Clearly, at a time when the Australian economy is witnessing a sustained boom thanks to resource exports to China, and that the economic news coming out of the United States is getting worse, the Prime Minister Kevin Rudd’s government might have calculated that now is not the time to attempt to balance China. Snubbing Japan, though, was wholly unnecessary. For if ever Australia changes its mind on its own position vis-a-vis China’s strategic rise, Japan, India and the United States are the only ones it can count on. For them, the interests that led to the move towards the quadrilateral initiative are fundamental—even if current governments are lukewarm about a showy new regional grouping.

Call the team back!

India must pull out of this series…for the sake of good cricket

The Catapult makes an important point about geopolitics in a post on how India was subject to all-round cheating in Australia:

In a way this is symptomatic of the way India approaches its foreign relations, trying to belong to institutions and abide by the rules of a world order shaped by other powers to suit their own agendas and hoping that its “good behaviour” will be recognised and rewarded rather than like China which threatens to undermine it unless it is satisfactorily accommodated in the global power structure. And no prizes for guessing who is getting the better bargain. [The Catapult]

The Indian cricket authorities have been content to try and exploit the economic opportunities that result from India’s market power. That they failed to ensure that umpires and referees didn’t cheat the India team says something about BCCI’s attitude towards the ‘politics’ of the game.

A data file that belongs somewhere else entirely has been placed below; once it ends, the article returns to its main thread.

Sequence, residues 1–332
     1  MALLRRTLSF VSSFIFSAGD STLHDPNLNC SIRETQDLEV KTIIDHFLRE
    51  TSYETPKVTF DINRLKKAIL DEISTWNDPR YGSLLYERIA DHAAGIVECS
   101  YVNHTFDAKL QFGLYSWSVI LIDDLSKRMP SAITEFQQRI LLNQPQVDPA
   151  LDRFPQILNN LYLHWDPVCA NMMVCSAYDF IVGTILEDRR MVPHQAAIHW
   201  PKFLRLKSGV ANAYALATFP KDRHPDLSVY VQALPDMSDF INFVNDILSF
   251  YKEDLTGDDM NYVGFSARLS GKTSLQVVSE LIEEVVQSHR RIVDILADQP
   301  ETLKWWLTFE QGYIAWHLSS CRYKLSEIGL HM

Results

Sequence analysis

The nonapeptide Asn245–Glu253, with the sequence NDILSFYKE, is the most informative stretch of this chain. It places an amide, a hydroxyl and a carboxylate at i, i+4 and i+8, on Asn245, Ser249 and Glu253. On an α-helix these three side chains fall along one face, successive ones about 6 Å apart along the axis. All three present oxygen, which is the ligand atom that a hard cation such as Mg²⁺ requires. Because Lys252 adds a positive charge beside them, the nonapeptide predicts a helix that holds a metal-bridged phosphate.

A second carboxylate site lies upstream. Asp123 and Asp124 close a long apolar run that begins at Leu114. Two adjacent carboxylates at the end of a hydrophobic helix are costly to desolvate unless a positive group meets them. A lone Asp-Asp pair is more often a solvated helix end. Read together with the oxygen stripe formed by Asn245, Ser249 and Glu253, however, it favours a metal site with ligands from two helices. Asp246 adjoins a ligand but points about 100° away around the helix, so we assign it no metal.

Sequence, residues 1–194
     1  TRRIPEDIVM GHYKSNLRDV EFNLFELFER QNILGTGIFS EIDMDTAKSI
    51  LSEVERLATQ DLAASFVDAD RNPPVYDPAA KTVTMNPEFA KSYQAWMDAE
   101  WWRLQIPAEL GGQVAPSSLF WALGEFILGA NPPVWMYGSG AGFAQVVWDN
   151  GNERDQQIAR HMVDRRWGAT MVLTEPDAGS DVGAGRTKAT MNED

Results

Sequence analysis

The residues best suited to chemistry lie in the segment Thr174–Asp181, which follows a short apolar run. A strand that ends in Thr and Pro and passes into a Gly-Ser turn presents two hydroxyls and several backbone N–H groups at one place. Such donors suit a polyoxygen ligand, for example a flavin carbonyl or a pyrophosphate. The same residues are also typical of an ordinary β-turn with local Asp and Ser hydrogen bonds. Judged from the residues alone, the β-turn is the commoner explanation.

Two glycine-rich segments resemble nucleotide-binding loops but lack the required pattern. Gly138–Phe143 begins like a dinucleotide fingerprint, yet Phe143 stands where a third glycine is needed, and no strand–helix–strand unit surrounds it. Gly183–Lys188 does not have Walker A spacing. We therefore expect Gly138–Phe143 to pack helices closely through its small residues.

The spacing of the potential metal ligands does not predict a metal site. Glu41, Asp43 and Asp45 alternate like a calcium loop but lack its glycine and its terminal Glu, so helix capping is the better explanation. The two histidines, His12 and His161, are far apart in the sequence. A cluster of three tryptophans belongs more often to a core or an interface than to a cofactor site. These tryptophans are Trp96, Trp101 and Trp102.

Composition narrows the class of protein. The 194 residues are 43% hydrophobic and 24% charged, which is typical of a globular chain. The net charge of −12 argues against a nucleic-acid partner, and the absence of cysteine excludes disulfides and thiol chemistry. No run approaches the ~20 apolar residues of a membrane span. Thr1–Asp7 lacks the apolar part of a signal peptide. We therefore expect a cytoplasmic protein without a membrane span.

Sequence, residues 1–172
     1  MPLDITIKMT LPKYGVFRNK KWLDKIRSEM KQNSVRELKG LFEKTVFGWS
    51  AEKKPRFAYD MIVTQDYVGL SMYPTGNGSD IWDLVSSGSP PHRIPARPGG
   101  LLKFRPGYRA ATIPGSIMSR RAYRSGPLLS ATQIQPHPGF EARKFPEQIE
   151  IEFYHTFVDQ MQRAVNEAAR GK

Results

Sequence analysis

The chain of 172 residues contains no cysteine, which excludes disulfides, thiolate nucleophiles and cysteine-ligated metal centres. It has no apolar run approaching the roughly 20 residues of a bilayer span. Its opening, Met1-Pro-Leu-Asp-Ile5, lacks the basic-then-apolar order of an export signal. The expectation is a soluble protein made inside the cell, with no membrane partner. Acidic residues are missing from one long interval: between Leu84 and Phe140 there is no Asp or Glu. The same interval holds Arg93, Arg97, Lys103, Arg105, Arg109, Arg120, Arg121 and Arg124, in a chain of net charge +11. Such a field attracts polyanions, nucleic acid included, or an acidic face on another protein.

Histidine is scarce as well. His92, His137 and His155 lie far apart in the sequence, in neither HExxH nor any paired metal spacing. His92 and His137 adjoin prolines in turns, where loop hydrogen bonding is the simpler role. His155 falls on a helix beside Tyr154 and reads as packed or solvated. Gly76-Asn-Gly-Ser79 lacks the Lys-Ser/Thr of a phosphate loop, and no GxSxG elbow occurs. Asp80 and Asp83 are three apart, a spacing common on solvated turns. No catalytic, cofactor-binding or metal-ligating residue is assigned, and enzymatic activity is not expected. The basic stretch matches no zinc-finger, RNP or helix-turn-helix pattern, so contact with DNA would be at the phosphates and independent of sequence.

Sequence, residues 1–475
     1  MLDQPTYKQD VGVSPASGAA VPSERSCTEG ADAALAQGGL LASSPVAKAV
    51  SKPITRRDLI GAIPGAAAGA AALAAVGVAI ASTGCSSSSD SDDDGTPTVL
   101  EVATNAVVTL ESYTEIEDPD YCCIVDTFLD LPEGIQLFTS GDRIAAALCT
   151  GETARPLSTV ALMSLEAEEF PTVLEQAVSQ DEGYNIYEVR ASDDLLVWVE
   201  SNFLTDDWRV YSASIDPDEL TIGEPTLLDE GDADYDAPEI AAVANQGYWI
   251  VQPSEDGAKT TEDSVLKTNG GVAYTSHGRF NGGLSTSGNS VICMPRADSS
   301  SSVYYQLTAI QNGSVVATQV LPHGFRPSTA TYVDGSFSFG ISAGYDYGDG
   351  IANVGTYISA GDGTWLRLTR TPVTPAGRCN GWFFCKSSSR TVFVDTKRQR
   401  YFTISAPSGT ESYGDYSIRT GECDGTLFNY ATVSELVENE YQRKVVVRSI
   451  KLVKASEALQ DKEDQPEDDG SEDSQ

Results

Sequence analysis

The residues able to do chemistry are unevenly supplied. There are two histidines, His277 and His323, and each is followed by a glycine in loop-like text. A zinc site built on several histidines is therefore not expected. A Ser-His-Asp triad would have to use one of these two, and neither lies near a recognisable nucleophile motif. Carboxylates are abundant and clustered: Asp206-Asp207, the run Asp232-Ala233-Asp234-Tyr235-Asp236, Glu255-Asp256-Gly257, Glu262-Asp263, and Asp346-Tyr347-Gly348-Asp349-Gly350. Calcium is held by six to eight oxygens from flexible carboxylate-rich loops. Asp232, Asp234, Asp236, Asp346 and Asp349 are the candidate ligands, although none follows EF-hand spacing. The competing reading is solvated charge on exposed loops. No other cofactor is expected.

Queuing up outside the the ICC’s office with an appeal in hand is not the thing you do after something like this. It would serve the interests of Indian cricket (and that of cricket itself) better if India were to just call the team back and call off the rest of the series. Why?

Because it’s not merely about revoking the three-match ban on Harbhajan Singh. But because the BCCI must ensure that atrocious umpiring and match refereeing don’t recur in future.

Bad umpires and ungentlemanly behaviour are much better deterred by calling the series off. This is a far more credible signal precisely because it is a costly signal. So far, the BCCI has not distinguished itself in this episode—torn as it is between its role as the dominant controller of the Indian cricket market and the steward of the Indian cricket team. It issued half-a-threat and then half-retracted it. In doing so it revealed its intentions: that it is not really serious about backing its cricketers or ensuring that Indian teams don’t suffer in future. It just wants the dismal show to go on…